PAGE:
All that said, this hardly applies to your example. A possessive can never be a subject or an object; it’s a modifying interloper on its way to the subject or object. Its sole job is to serve its modificand.

Compare the clauses whosever cat likes him (where cat is the subject of likes) and whosever cat he likes (where cat is the object of likes). And then compare these sentences, all correct (if you can abide whosever — see Later at end):

Cat clause as subject: Whosever cat likes him gets chow.
Cat clause as object: He gives chow to whosever cat likes him.
Cat clause as subject: Whosever cat he likes gets chow.
Cat clause as object: He gives chow to whosever cat he likes.

No whomsever or whomever’s.

Later . . . whosever vs. whoever’s

Whosever is rare in usage. For most natural results, use whoever’s instead of whosever. Oxford English Dictionary (among others) straight up calls whosever “rare” and offers a scant two usage examples, ending at 1865:

whosever, pron.
The genitive of WHOEVER pron.: = WHOSESOEVER pron.
1739   ‘R. BULL’ tr. F. Dedekind Grobianus 133   Whos’ever Knife upon the Table lies.
1865   W. G. PALGRAVE Narr. Journey through Arabia II. 19   Whosever the footprint may be, the story is gospel among Mahometans.
Source: Oxford English Dictionary (login required)


Whoever’s cat likes him gets chow.
He gives chow to whoever’s cat likes him.
Whoever’s cat he likes gets chow.
He gives chow to whoever’s cat he likes.

Whoever’s all around.

Further reading: Garner’s Usage Tip of the Day: whoever; whomever.



Somehow you are overthinking this terribly and coming to a nonsensical conclusion. You ask us to choose between incorrect assumptions.

Parents should use who(m)ever's last name is shorter on the form.

Should whoever or whomever be used in the above sentence?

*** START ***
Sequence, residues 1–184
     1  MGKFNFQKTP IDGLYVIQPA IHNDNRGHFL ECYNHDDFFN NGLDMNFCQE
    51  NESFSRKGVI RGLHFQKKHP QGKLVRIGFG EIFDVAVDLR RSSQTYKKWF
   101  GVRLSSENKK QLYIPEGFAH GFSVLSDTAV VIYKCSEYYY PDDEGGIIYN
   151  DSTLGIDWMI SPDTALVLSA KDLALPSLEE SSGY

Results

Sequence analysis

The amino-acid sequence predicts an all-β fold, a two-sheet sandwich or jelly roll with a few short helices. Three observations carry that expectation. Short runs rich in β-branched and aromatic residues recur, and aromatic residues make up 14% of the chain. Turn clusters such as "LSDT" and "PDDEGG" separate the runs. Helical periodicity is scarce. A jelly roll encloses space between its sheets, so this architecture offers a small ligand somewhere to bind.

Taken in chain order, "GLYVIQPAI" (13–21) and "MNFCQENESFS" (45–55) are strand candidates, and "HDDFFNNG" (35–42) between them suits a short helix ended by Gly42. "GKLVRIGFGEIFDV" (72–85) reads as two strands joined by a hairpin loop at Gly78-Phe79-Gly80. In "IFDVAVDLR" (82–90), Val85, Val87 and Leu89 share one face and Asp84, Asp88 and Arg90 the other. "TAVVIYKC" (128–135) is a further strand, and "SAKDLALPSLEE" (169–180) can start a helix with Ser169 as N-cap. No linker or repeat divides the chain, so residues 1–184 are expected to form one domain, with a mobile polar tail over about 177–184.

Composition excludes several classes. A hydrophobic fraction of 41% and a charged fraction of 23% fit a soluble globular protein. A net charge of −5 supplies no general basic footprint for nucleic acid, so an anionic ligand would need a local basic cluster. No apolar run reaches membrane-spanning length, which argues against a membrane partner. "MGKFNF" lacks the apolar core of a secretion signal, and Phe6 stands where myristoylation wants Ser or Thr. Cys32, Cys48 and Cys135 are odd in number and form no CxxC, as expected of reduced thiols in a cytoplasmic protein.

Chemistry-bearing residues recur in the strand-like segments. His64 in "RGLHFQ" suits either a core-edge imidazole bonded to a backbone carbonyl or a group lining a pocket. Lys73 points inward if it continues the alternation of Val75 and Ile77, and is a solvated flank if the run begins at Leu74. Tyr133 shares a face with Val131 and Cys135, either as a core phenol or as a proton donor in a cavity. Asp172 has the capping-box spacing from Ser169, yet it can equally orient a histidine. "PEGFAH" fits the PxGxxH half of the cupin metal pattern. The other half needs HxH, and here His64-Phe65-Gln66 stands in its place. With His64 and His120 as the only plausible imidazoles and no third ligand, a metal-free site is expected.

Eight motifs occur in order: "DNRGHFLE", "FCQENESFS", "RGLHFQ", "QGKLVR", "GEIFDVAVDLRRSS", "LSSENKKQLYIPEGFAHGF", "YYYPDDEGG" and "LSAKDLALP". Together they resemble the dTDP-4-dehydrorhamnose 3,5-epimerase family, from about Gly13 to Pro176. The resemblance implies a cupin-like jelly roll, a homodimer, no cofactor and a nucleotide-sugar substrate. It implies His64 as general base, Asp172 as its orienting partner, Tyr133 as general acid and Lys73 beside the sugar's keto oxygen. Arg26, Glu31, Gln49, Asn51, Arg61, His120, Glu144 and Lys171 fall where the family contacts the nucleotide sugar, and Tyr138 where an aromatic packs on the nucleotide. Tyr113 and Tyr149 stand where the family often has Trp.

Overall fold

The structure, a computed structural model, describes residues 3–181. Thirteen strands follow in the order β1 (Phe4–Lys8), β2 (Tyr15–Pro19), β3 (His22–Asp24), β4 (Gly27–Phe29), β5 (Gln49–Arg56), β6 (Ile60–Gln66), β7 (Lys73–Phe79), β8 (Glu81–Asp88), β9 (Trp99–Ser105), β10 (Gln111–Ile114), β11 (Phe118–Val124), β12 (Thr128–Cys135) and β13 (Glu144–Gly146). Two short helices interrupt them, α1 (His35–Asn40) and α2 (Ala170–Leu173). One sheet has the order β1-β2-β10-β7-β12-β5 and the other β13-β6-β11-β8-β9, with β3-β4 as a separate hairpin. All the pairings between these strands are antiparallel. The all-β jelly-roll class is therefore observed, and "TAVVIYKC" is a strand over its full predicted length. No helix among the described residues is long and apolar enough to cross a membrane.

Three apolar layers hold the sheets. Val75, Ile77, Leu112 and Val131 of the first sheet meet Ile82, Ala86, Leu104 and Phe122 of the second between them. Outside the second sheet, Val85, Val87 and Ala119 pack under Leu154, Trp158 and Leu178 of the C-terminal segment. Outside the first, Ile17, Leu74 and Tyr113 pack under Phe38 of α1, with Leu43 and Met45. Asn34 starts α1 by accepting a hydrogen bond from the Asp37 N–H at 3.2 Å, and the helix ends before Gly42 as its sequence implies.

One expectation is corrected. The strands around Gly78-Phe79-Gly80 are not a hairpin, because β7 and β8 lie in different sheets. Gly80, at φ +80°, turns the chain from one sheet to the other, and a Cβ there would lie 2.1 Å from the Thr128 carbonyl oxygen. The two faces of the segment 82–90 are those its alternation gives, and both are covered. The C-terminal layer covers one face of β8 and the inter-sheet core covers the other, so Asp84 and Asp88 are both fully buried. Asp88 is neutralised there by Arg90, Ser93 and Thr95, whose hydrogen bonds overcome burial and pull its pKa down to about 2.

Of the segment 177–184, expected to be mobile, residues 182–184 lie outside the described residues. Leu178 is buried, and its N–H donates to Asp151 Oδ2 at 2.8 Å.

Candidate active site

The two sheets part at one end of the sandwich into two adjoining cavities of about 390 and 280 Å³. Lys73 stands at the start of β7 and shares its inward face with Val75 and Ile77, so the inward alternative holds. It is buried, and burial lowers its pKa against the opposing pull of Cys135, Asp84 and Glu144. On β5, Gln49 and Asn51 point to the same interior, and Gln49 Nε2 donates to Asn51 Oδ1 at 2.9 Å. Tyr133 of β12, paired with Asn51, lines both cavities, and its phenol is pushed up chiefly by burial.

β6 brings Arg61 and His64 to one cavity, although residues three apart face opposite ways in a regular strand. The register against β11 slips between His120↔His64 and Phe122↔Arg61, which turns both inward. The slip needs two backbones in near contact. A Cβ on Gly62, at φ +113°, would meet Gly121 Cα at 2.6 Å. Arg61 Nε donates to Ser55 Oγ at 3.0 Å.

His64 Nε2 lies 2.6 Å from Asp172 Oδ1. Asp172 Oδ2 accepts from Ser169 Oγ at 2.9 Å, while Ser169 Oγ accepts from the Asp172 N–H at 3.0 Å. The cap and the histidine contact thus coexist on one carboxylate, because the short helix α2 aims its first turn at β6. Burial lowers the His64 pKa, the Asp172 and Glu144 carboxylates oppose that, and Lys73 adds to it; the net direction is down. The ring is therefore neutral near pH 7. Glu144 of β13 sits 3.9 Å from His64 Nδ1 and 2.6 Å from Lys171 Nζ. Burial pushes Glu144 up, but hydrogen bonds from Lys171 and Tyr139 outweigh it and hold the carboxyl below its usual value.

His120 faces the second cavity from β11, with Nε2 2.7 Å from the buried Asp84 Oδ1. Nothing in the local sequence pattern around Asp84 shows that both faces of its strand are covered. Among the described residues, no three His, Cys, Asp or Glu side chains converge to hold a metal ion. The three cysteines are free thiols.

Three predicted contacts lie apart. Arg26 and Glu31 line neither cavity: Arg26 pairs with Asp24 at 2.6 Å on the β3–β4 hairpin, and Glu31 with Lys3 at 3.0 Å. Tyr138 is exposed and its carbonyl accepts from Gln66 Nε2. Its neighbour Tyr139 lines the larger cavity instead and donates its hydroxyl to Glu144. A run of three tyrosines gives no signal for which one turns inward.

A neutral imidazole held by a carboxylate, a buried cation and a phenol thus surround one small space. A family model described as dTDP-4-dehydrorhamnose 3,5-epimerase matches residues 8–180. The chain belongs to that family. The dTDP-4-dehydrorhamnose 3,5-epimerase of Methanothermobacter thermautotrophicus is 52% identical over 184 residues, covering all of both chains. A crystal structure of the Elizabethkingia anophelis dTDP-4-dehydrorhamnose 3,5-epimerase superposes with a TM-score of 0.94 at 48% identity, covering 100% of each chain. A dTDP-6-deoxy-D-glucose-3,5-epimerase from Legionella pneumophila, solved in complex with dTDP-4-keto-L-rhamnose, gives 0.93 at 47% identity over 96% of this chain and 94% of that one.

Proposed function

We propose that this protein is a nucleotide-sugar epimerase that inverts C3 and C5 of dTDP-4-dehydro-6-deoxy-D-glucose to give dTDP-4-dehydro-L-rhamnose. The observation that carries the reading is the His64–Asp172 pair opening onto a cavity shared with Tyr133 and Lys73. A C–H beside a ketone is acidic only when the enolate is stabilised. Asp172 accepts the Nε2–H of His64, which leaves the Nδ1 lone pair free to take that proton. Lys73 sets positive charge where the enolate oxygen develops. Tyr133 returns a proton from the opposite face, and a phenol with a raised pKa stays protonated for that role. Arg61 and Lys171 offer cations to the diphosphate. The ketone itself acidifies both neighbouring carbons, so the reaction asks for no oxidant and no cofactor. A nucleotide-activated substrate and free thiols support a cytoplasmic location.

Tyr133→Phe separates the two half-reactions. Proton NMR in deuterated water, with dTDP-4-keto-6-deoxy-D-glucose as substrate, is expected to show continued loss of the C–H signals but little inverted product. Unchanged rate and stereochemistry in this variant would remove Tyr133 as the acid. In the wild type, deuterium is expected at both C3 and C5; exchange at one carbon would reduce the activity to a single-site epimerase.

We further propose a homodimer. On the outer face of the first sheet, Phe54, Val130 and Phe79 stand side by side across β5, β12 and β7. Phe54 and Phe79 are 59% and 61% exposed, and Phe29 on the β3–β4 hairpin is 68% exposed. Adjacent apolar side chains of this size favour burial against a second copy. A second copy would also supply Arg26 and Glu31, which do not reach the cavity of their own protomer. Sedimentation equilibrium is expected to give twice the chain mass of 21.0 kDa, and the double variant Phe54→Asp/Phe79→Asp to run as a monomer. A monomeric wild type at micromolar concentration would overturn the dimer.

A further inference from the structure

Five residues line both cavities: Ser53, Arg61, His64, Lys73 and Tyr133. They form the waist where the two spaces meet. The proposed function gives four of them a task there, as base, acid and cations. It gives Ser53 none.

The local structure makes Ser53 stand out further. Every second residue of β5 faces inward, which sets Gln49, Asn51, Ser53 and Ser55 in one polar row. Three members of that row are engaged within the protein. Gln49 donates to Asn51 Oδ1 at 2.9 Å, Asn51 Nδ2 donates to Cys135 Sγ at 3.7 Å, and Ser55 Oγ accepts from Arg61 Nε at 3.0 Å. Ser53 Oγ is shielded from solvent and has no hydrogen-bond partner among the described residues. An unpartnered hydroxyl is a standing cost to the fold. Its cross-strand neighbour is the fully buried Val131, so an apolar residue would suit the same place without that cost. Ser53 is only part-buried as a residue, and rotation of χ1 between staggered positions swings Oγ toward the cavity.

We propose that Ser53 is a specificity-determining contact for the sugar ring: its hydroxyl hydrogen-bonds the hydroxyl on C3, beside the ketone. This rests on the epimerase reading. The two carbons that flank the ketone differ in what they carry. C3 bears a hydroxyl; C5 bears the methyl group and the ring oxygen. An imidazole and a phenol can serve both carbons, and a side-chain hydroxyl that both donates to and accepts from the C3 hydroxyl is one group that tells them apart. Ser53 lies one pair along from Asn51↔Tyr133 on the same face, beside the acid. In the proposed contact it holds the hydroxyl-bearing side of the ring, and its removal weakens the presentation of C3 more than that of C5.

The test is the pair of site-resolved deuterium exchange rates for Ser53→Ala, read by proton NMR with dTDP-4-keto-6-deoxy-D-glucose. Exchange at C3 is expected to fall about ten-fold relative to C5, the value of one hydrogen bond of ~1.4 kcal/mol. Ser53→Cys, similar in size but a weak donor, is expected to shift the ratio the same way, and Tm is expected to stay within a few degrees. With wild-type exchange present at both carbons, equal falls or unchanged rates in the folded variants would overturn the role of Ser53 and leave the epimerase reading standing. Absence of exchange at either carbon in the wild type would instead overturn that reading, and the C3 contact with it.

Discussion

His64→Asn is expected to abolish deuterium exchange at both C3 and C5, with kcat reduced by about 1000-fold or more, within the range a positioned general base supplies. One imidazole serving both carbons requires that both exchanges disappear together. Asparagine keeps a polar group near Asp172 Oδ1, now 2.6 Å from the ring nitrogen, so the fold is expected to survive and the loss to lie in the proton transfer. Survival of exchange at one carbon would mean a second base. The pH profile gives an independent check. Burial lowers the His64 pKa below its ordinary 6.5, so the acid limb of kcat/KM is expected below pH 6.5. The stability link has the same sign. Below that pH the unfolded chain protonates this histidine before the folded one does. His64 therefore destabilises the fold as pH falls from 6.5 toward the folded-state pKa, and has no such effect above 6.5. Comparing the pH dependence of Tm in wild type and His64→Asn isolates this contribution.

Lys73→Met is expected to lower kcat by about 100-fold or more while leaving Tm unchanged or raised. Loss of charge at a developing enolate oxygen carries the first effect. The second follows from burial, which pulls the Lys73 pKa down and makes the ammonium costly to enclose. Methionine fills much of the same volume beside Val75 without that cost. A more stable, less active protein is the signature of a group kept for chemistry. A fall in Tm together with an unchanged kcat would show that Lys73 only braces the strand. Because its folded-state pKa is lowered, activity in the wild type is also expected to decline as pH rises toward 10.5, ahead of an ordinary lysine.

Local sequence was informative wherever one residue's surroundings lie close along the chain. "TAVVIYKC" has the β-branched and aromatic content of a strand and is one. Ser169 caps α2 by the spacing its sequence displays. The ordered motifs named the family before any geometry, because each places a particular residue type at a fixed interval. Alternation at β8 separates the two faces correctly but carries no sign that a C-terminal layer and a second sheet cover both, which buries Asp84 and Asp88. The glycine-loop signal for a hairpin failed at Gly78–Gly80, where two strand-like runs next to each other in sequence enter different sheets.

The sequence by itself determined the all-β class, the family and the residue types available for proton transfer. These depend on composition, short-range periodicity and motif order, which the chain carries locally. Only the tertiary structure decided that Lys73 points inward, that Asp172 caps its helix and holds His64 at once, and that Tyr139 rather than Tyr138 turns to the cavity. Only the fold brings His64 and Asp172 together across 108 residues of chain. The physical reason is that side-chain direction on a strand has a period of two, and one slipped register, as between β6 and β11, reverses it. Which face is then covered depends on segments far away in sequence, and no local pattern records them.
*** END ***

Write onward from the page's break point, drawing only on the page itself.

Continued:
No, they should not. You've got it all wrong.

Just as the possessive form of he is his nothe’s, the possessive form of who is whose not who’s.

And there is no possessive form of whom: it is already the object form. If you need a possessive, you go back to the correct possessive, which I repeat is whose. For the same reason that there is no such word as ❌ him’s, there is no such word as ❌ whom’s!

Whose name is shorter? His name is shorter. Not who's name is shorter, not he's name is shorter, not him's name is shorter. And it doesn't matter one weaselly whit whether his name is the subject or the object. None. Don't touch it. It simply doesn't matter whether you need to use that noun phrase as a subject or as an object. Your possessive determiner does not change to him's or whom's or whomseverses's or any other crazy thing.

Do this and don't look back:

  1. Whosever name is shorter wins.
  2. Use whosever name is shorter.

Or colloquially:

  1. Whoever's name is shorter wins.
  2. Use whoever's name is shorter.

After all, you don't say "Use him's name". So don't try to do those other weird things either.

  • 2
    The OP has a valid point. There is a clash between the function of the whole NP and the relativised element, as I pointed out here: link